Thursday, June 23, 2011

Li Songsong, Pig Years at Pace Gallery, New York

LI SONGSONG, Pig Years, 2010, oil on aluminum panel, 380 × 520 cm. Courtesy the Pace Gallery, New York.

My friend Lisa was just at the Pace Gallery in New York City, where there is an exhibit of the recent work of Beijing-born artist Li Songsong. This painting, Pig Years, is perhaps best described in Irina Makarova's review (here) of the show for ArtAsiaPacific. She writes:
Pig Years (2010), at 12 feet in height, is a gargantuan, multi-hued painting made of four separate panels—with each panel consisting of overlapping layers of smaller panels—attached together by aluminum plates. The panels, with their overlapping layout and sea of clashing colors (varying shades of gray, yellow and blue), appear as though they would not come together as one image. But upon stepping back from the painting, the content emerges: a massive pile of pigs that are heaped together like a mountain of rocks.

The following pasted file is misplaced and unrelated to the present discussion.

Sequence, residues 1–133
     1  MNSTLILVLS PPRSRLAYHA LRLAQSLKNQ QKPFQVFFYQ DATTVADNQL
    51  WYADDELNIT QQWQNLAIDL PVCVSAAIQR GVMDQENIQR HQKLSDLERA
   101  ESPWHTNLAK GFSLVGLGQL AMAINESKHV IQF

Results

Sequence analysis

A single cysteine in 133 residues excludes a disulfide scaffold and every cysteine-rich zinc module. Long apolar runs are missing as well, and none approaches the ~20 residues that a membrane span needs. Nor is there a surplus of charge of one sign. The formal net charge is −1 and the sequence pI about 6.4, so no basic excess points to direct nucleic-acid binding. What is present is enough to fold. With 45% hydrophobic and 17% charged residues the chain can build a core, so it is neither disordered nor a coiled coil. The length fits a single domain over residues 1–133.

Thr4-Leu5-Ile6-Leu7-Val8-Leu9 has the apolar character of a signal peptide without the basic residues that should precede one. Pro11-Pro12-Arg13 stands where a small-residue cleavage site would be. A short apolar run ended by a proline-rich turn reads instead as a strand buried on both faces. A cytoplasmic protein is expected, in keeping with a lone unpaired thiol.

Li manages to capture the feeling of trying to recall a memory, which, with the passing of time, is reconfigured or blurred, and becomes an amalgamation of associated senses, patches of other memories and shadows of the original. Just as our perception of people, places and ideas are based on sensory experiences, which are overlaid and bound together to form memories, so are Li’s paintings, in which multiple panels, grids, layers and colors come together as one integrated image.

If you happen to be able to make it to New York City, it sure sounds like this is worth seeing in person, as this reproduction can't possibly convey a sense of the size and detail of Li's work.



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